LETHBRIDGE – How do you feel about backyard hens?
That’s the question the City of Lethbridge will be looking to answer during a public consultation campaign between now and Mar. 31, 2019.
City Council was presented with three options by Regulatory Services Manager Duane Ens at their regular meeting on Tuesday, Nov. 13, to decide what to do about the Urban Hen Review.
- Option 1 was no backyard hens, or to do nothing.
- Option 2 was to hold public consultations over a period of two to three months, develop a communication strategy, and gather public feedback through things like online questionnaires and polls.
- Option 3 was to gather public feedback over the same time period, establish a foundation for an Urban Hen Pilot Program and then present that program to council after six to eight months.
Several municipalities in Alberta have Urban Hen programs or pilots in their cities currently, and some decided against them after deliberation.
Airdrie approved a pilot program in the Spring of 2018, Grande Prairie approved their own pilot program in March of last year, and St. Albert was ahead of both cities in approving a pilot in 2017.
Edmonton and Red Deer have both instituted permanent programs.
On the flip side, city councils in Calgary and Medicine Hat ultimately voted against pilot programs in 2015.
After a long and somewhat winding discussion, Lethbridge council settled on Option 2 by a 7-2 vote.
Mayor Chris Spearman, as well as Councillors Ryan Parker, Jeff Coffman, Jeff Carlson, Belinda Crowson, Mark Campbell, and Rob Miyashiro, voted in favour while Councillors Joe Mauro and Blaine Hyggen opposed.
Hyggen, speaking before the vote, says his issue was based on a poll conducted in 2012 that showed 52 percent of residents strongly opposed backyard hens as well as the cost.
“It’s going to cost a lot of money to do this, and the difference to make up in support, I don’t believe it’s right to put our taxpayers through this.”
The poll Hyggen referred to was conducted by Lethbridge College’s Farron Ellis, which also showed that only 4.1 percent strongly supported, 20.6 percent were somewhat opposed, and 23.2 percent somewhat supported.
In speaking to the media after the vote, Ens said they will now work with the communications department at City Hall to put some public engagement tools together to see what exactly the citizens of Lethbridge think of this proposal.
“Giving some more detail to it as well, like how many chickens and how many licenses and all those types of things,” Ens added.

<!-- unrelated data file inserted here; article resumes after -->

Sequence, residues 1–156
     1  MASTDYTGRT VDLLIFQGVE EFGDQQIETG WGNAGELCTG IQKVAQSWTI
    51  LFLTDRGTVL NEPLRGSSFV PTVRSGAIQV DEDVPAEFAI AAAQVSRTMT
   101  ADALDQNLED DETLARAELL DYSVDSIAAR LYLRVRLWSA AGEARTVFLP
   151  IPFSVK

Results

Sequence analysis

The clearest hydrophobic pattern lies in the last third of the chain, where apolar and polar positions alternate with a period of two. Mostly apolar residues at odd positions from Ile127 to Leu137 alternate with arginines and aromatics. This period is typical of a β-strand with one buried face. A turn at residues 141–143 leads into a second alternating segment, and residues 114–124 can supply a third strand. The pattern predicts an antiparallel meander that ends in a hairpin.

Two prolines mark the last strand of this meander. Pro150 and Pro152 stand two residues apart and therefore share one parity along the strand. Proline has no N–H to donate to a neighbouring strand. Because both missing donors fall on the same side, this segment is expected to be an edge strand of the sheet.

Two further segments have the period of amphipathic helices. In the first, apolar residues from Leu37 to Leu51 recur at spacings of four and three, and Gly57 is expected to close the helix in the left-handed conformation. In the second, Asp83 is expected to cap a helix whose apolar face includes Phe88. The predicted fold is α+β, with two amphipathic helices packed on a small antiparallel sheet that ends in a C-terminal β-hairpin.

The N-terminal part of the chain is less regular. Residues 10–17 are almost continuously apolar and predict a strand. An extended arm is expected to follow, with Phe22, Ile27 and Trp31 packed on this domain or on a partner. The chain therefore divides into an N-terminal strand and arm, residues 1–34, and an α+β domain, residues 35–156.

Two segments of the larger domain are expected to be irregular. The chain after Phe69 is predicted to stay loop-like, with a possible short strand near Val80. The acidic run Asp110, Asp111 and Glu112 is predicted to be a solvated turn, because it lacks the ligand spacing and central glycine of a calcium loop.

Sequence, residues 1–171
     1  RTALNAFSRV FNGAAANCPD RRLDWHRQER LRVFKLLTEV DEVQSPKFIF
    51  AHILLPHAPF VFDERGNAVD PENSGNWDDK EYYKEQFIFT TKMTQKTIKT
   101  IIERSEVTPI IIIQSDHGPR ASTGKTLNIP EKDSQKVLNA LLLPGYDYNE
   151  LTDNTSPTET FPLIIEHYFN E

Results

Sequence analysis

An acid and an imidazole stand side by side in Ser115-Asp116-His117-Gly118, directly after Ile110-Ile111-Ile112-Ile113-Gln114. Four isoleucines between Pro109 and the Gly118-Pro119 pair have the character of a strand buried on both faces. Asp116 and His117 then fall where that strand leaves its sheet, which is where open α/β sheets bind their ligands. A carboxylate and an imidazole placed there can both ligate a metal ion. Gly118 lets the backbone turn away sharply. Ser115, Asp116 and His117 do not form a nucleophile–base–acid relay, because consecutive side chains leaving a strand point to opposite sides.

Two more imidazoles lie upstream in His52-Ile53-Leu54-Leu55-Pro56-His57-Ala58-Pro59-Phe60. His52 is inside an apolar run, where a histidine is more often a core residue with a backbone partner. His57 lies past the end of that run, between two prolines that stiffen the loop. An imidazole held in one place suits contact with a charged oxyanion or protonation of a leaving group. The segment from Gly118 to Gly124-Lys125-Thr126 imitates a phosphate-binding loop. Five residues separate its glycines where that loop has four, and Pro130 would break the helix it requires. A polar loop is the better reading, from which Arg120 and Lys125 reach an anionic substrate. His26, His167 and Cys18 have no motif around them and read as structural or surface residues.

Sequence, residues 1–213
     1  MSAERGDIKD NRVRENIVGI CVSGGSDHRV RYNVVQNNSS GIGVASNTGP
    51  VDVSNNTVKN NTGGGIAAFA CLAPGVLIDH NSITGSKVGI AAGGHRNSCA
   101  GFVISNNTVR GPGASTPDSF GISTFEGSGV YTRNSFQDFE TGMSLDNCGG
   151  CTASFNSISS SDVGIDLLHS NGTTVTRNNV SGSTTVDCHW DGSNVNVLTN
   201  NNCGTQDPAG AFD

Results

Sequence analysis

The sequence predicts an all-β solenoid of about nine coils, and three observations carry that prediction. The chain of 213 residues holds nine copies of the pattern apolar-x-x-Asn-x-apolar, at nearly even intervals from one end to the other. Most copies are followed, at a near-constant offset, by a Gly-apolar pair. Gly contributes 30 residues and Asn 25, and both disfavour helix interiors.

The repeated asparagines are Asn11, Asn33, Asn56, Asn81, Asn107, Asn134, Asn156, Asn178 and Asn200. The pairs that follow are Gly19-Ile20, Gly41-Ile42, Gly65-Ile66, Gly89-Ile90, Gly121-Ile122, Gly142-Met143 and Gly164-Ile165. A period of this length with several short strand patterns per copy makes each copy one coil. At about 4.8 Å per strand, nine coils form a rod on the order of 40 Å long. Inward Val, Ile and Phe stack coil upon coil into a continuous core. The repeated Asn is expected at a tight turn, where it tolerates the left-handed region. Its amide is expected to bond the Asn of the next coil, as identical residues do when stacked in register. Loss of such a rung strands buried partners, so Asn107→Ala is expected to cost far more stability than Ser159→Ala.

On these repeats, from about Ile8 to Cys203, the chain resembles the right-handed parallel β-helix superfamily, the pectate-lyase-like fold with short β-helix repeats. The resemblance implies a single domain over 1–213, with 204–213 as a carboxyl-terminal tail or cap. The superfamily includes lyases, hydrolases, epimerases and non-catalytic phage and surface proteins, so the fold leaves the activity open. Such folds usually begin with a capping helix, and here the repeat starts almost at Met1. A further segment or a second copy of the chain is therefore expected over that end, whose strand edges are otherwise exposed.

While gathering information ahead of today’s presentation to council, Ens says they found that people were very passionate on both sides of the issue.
“There were some people that were very unhappy that we were even considering this, and then there’s a group of individuals that think this is a process that’s happening in other cities and it’s something we should follow. I think council was very circumspect in looking at maybe going out and finding out what their citizens actually think, before making a further decision to come up with a pilot project,” Ens said.
So, to get the proper information to make a calculated decision, what’s going to be necessary?
“What we’re going to do is we’re at least give an outline of what the program would be, probably something similar to what Edmonton and Red Deer have in terms of restricted numbers and no roosters,” he continued. “That’s one thing people were very concerned about, but there wouldn’t be any roosters in this program.
“We’re going to come up with a specific outline of questions, and we’re going to get out there and see if we put more detail into this, whether or not the survey back in 2012 is representative of what the citizens think or whether individuals have changed their minds on this particular program,” Ens stated.
Some of the benefits that cities with pilots or full-time programs in place imparted to staff during discussions were things like sustainable agriculture, companionship, and people love to have their own fresh eggs to have in the morning.
Some of the disadvantages outlined include neighbourhood acceptance due to noise or odour, potential abandonment, improper disposal of animal carcasses, and rodents and other pests being attracted to chicken feed.
Ens says council’s decision to go forward with the public consultations will allow them to gather information before expending any in-house resources to actually put a pilot project in place.
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